- Inca Minerals’ (ICG) second Peru-based project Cerro Rayas, has been granted all concessions
- The original project consisted of two concessions but was expanded in 2018 when three phases of applications were made for eight more
- Preliminary work at Cerro Rayas in 2017 and 2018 identified strong silver, lead and zinc mineralisation
- Exploration at the project will continue into 2020
- Inca’s share price is steady today with shares trading for 0.2 cents apiece
Inca Minerals’ (ICG) second Peru-based project Cerro Rayas, has been granted all concessions.
The original project consisted of two concessions, La Elegida and La Elegida I, totalling 400 hectares.
In 2018, Cerro Rayas was expanded in three phases of applications with a total of eight being made.
However, in 2019 La Elegida I was dropped from the project for commercial areas and Cerro Rayas now has a total area of 2700 hectares.
The Cerro Rayas Project lies 15 kilometres from Riqueza in Peru and sits within a second mineralised corridor within the Miocene Porphyry-Skarn Mineral Belt.
Preliminary exploration conducted by Inca in 2017-2018 identified strong silver-lead-zinc mineralisation at the three mine workings of Torrepata, Vilcapuqio and Wari.
Mineralisation is related to dolomitised and brecciated limestone.
Grades to 46.08 per cent lead and 39.67 per cent zinc were recorded at the largest of the mine workings, Torrepata.
Subsequent exploration mapping and sampling conducted beyond the then-boundaries of Cerro Rayas resulted in the identification of several significant new mineralised outcrop areas and several unrecorded mine workings.
At the completion of this exploration work in 2018 Inca concluded that a larger system of mineralisation may occur in the broader Cerro Rayas area.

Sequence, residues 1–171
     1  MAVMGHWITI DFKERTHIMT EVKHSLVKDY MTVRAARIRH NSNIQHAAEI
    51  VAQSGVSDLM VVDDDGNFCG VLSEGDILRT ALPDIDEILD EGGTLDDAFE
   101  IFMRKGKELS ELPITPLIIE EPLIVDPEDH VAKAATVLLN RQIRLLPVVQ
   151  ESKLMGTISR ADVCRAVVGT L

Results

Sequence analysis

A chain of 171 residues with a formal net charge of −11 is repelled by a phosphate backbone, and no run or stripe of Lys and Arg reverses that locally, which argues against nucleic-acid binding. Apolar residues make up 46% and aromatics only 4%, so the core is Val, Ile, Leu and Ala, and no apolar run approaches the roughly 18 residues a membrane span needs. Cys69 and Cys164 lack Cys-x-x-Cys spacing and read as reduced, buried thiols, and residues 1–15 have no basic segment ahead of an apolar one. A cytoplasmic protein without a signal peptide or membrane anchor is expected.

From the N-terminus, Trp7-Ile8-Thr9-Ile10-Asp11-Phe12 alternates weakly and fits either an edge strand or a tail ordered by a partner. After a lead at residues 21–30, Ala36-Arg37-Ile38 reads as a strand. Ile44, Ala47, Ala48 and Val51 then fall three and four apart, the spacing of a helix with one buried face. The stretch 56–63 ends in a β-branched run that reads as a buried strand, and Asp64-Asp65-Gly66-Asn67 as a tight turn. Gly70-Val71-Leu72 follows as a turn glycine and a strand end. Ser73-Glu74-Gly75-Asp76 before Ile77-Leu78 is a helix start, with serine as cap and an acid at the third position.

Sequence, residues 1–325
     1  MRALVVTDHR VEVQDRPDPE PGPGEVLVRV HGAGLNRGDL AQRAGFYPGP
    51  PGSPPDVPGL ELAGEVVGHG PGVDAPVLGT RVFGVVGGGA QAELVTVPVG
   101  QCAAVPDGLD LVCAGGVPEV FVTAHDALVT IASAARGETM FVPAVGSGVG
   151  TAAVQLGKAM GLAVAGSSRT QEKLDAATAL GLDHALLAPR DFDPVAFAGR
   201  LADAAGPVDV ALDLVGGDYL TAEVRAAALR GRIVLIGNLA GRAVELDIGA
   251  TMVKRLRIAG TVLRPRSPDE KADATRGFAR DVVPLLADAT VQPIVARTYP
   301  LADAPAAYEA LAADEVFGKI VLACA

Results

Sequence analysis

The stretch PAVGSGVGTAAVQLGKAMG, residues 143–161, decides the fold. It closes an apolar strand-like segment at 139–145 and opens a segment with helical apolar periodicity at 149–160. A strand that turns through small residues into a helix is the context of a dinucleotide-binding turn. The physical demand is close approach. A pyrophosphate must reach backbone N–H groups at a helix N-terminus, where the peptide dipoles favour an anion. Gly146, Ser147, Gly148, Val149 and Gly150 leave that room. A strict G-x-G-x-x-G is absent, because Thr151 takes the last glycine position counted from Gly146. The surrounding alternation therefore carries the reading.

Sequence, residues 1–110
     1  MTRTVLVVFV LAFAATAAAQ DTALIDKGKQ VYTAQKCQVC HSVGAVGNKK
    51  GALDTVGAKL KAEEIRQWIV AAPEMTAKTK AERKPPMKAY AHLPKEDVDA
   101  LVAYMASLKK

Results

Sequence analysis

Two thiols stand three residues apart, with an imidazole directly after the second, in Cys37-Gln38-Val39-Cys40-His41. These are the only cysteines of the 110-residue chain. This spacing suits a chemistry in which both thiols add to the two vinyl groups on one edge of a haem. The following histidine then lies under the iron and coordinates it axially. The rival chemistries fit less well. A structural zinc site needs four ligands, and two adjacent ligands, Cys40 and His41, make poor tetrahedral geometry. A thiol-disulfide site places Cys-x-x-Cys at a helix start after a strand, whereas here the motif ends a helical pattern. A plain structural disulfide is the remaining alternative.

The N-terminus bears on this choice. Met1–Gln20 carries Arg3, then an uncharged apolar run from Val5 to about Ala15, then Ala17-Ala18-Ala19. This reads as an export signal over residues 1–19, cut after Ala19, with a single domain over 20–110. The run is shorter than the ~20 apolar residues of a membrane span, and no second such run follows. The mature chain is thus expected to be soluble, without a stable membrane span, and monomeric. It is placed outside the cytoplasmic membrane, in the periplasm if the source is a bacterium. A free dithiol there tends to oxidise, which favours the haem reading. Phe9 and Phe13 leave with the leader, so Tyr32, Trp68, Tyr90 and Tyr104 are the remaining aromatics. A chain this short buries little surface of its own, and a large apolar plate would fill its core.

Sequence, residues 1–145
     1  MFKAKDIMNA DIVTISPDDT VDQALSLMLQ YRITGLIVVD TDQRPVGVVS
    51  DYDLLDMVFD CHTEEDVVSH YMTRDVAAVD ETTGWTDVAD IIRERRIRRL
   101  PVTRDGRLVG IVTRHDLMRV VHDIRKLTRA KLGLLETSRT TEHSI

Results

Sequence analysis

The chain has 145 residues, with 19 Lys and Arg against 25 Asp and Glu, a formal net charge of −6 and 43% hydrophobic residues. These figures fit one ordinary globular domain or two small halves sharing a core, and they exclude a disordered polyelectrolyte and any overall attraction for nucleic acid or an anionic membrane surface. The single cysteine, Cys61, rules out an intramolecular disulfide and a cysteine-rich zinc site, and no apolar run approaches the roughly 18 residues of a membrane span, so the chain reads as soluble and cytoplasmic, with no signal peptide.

The exploration model was expanded from being exclusively Mississippi Valley Type (MVT) silver-lead-zinc mineralisation to also include porphyry and scarn-related mineralisation.
A new emphasis was placed on the regional northwest-southeast structures and known intrusive rocks.
“The prospectivity of Cerro Rayas materially changed in 2017-2018 from high-grade potentially limited MVT mineralisation to broader porphyry and scarn related mineralisation,” Managing Director Ross Brown said.
“We expanded the project area accordingly, at the same time others, including BHP, were expanding their footprint along the same belt,” he added.
Inca did not commit significant funds to Cerro Rayas whilst the eight concessions were moving through the granting process.
This allowed Inca to concentrate on delivering the South32 agreement for Riqueza and getting underway at the Year-1 South32 funded program.
Inca also plans to resume exploration at Cerro Rayas in 2020 and, as a priority, to re-open talks for potential exploration partners.
Inca’s share price is steady today with shares trading for 0.2 cents apiece at 2:20 pm AEDT.